# What is the rotational kinetic energy of one molecule of Cl2

In a crude model of a rotating diatomic molecule of chlorine (Cl2), the two Cl atoms are 2.00e-10 m apart and rotate about their center of mass with angular speed w = 1.40e12 rad/s. What is the rotational kinetic energy of one molecule of Cl2, which has a molar mass of 70.0 g/mol?

>> I wasn't exactly sure how to do this, so I thought I'd try with the rotational kinetic formula from the first half of General Physics. That formula was 1/2(m)(r^2)(w^2). I don't think it gave me the answer they were looking for... it wants an answer in Joules and I'm not sure where to start or how to finish it. Or if this is even along the right steps to take...

:grumpy:

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Dr Transport
Gold Member

Okay... I have:

r=2.00e-10 m
m=70.0 g/mol

1/2 m(r^2)(w^2)
= 1/2 (70)(2.00e-10)^2(1.40e12)^2
= 2.74e6 J

Hmmm... is r wrong? Or should I change w to degrees? I'm not sure what to do... :yuck:

Kawrae said:
Okay... I have:

r=2.00e-10 m
m=70.0 g/mol

1/2 m(r^2)(w^2)
= 1/2 (70)(2.00e-10)^2(1.40e12)^2
= 2.74e6 J

Hmmm... is r wrong? Or should I change w to degrees? I'm not sure what to do... :yuck:
It's good practice to include the units when showing your working. Correcting your working,

K = 1/2 (70.0 g/mol)(2.00e-10 m)^2 (1.4e12 rad/s)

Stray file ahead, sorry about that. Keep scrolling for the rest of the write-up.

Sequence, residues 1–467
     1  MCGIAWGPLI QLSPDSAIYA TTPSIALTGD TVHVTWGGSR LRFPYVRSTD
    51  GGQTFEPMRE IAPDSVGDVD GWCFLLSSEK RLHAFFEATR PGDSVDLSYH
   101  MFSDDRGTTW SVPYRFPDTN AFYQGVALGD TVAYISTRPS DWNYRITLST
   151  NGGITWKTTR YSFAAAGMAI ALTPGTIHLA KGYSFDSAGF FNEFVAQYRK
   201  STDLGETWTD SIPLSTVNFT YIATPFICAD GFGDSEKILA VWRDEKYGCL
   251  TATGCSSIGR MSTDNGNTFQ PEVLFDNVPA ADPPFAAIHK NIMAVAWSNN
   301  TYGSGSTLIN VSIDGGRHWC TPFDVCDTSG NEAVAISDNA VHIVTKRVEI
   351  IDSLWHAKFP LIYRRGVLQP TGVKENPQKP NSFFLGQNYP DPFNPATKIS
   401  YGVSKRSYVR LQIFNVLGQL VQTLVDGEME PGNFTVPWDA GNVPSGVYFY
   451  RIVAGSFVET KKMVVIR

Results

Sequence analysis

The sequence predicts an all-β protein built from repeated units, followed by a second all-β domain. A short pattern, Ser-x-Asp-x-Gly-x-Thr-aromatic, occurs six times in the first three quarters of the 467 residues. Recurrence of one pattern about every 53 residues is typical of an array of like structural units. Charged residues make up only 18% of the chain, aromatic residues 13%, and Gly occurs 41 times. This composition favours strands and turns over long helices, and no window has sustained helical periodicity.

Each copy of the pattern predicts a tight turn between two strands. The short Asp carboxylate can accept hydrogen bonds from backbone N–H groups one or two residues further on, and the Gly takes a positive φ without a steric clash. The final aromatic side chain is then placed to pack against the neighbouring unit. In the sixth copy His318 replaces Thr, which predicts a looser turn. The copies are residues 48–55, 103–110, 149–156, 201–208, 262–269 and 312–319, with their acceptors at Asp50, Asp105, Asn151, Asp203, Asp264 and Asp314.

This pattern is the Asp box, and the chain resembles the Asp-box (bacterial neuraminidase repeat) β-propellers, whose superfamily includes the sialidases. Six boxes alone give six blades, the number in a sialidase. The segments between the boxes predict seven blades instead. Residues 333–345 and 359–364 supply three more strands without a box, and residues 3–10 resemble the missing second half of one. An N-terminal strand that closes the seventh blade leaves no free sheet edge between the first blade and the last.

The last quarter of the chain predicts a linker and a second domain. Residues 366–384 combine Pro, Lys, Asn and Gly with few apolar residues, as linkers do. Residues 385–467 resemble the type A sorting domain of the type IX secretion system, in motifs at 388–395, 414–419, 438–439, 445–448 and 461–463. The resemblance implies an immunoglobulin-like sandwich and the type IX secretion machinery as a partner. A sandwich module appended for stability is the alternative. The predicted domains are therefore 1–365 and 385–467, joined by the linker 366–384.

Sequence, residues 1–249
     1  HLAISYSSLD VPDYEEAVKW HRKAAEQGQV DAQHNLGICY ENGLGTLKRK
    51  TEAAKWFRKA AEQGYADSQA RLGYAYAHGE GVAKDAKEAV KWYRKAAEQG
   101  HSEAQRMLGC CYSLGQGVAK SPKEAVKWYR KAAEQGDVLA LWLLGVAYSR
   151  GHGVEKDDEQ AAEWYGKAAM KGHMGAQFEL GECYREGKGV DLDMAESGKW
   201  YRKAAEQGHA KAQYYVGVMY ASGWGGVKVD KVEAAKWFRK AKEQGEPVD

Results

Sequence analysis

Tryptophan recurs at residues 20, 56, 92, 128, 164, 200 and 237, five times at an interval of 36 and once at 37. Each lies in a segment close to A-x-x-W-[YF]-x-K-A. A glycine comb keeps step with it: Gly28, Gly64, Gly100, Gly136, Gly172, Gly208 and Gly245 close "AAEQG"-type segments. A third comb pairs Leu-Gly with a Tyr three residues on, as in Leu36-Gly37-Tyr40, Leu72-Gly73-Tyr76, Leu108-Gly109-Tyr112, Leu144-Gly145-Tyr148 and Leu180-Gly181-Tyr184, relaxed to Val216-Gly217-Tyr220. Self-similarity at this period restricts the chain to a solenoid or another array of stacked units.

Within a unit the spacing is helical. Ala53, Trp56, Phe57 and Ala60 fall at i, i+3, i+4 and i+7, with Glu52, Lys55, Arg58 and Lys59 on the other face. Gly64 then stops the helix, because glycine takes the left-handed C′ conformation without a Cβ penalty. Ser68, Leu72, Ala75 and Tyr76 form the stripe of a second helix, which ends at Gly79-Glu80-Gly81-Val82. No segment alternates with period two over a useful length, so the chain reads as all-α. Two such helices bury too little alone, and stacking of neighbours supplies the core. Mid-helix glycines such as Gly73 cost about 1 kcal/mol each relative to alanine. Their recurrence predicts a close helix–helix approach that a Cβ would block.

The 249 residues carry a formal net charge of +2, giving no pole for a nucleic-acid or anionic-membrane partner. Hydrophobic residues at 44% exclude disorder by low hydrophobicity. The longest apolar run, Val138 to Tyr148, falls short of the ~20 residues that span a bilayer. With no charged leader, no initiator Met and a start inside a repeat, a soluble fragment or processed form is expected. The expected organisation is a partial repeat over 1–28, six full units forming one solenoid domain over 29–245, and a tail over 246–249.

= 2.74e6 g m^2/mol/s.

Now, I'm not sure what the significance of that derived unit is, but it's certainly not energy .

Your equation $K = \frac{1}{2}Mr^2\omega^2$ is clearly wrong as it is dimensionally inconsistent --- one side has units of kg m^2/s^2 and the other has g m^2/mol/s. The equation you're looking for is $K = \frac{1}{2}I\omega^2$ where $I$ is the moment of inertia of the rotating body. The equation for the moment of inertia of a continuous body is $I= \int r^2\, dm$, which, for the Cl$_2$ molecule is given by the discrete sum $I = (1.00E-10 {\rm m})^2 m + (1.00E-10 {\rm m})^2 m$. To find the value of $m$, use the relationships$n = \frac{m}{M}$ and $n = \frac{N}{N_\mathrm{A}}$. That should be all the info you need to complete the question.

P.S. Avoid using degrees at all in physics, except in particular disciplines such as astronomy.

Hi Kawrae,

In my opinion you are not so wrong with your approach. E_c=(1/2)*m*v^2 must work for all physical systems. When you have two particles in system you must add the two corresponding energies. But, m must be the mass of the particle (in Kg) and v=r*w where r is the radius of the trajectory (and not the relative distance between particles). So, you have

E_c=(1/2)*m*(r/2)^2*w^2+(1/2)*m*(r/2)^2*w^2=m*(r/2)^2*w^2=(1/4)*r^2*w^2

(here r is the distance between the two particles...then r/2 is the radius of the trajectory)

Now you have to calculate the mass m of a single atom (see the post of jdstokes).

Good luck!

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